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FEATURE
Swift Sees the Light

09.13.04

If we were able to see Gamma-Ray Bursts (GRBs) with the naked eye, they would look as though the universe were taking daily flash photos of us from different parts of the sky.

Never occurring in the same spot twice, GRBs are totally unpredictable. We never know where or when the next one will happen, and they fade so quickly that trying to get follow-up observations is extremely difficult. It wasn't until 1999 that a telescope, operating robotically, caught a GRB in action. Even then, the few seconds it took to find the burst meant precious data were lost.

Chart showing occurrence of grbs taken by BATSE The first notice about GRBs comes from space-based gamma-ray observatories, above the Earth's atmosphere which absorbs gamma rays. Unfortunately, even in 1999, the alerts from these observatories weren't fast enough for astronomers to pinpoint their telescopes while the rapidly-fading afterglows were still visible.

Image Right: This map shows the locations of a total of 2704 gamma-ray bursts recorded with the Burst and Transient Source Experiment on board NASA's Compton Gamma-Ray Observatory during its nine-year mission. Image credit: NASA

Large space-based observatories like Hubble can't be redirected quickly enough to catch the fleeting bursts. But a global network of astronomers, both professional and amateur could monitor these erratic, heavenly flash-bulbs with a moment's notice, if they only knew where to find them.

After many years of GRB observations, scientists at NASA's Goddard Space Flight Center established a program called the Gamma-ray burst Coordinates Network (GCN), designed to notify observers of the GRB coordinates within seconds after they're received.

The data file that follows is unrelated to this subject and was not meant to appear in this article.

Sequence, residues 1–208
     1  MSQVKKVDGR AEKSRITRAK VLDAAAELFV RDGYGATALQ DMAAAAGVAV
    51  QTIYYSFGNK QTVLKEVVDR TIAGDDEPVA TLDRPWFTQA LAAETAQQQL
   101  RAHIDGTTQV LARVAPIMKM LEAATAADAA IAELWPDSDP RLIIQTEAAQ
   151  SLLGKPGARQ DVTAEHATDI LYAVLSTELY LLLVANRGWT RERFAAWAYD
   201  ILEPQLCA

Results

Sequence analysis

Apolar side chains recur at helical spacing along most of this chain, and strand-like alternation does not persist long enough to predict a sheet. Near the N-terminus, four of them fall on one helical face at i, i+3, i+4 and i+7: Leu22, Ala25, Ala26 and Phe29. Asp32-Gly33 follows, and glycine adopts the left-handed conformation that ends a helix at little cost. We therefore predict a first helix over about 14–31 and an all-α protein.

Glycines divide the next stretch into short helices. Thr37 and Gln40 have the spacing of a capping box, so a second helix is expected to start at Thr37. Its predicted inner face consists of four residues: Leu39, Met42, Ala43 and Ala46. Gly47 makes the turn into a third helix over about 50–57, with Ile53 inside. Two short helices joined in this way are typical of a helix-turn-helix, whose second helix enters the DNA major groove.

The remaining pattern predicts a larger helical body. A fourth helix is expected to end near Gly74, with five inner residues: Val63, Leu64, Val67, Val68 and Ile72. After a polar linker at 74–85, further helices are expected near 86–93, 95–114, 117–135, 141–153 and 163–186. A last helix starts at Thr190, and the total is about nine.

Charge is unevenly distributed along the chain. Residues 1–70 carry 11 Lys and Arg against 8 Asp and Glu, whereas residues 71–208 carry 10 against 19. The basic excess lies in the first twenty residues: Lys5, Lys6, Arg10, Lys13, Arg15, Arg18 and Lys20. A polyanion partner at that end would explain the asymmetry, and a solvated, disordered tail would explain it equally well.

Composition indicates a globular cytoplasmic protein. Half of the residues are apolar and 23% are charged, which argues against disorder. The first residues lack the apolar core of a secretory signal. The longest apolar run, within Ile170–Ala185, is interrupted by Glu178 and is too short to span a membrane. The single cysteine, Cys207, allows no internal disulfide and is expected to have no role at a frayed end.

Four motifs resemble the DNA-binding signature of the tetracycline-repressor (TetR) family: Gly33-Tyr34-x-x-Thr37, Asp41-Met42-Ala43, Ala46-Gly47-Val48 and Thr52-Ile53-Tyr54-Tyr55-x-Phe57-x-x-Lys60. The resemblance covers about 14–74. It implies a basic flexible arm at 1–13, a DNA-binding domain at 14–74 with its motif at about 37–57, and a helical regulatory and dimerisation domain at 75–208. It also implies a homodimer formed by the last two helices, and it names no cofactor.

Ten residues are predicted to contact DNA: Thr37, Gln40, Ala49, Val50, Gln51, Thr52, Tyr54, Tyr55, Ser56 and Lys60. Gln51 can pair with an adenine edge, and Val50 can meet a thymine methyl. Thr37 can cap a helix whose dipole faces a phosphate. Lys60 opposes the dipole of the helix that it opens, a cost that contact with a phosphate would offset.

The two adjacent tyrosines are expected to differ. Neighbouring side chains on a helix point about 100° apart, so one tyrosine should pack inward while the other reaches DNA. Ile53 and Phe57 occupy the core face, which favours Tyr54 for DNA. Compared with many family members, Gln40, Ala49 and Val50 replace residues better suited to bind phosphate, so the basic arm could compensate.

In October 2000, NASA launched a burst observatory entirely devoted to the study of GRBs, called the High Energy Transient Explorer-2 (HETE-2 for short). It was able to relay the accurate location of each burst within minutes and transmit that information through the Internet.

In coordination with several other GRB-observing spacecraft, HETE-2 has improved the ability of astronomers to spot and study these brief, brilliant, and mysterious flashes of light.

Schematic drawing of gamma-ray burst detection satellites transmitting data through the GCN NASA is now preparing for the launch of a next-generation spacecraft to observe gamma-ray bursts, due to launch in October from Cape Canaveral Air Force Station, Florida. This new satellite is called Swift, named for a small, nimble bird that quickly darts from one direction to another.

Image Left: GCN is a system that distributes locations of GRBs detected by spacecraft (some in real-time while the burst is still bursting and distributes reports follow-up observations made by ground-based optical and radio observers. These two functions provide a one-stop shopping network for follow-up sites and GRB researchers. Click on image for larger view. Image credit: NASA

Using the largest of its three onboard telescopes, Swift will patrol about 1/6th of the sky at a time, vigilantly watching for the next GRB to appear. When it catches one, the satellite "swiftly" turns to the point of origin of the burst to get a better look with its two smaller, focusing telescopes. It also relays a message within seconds to the GCN, providing the location of the burst.

Professional telescopes can then be commanded to turn in the direction of the event and amateur astronomers may be able to experience this incredible event from their own backyards.

Swift will work in conjunction with other NASA and internationally-built burst-observing spacecraft, allowing pro and rookie astronomers alike a glimpse into the mysterious and powerful phenomenon of gamma-ray bursts.

For further information, visit:
Goddard Space Flight Center's Swift site.

Elaine M. Marconi
NASA's John F. Kennedy Space Center and Goddard Space Flight Center

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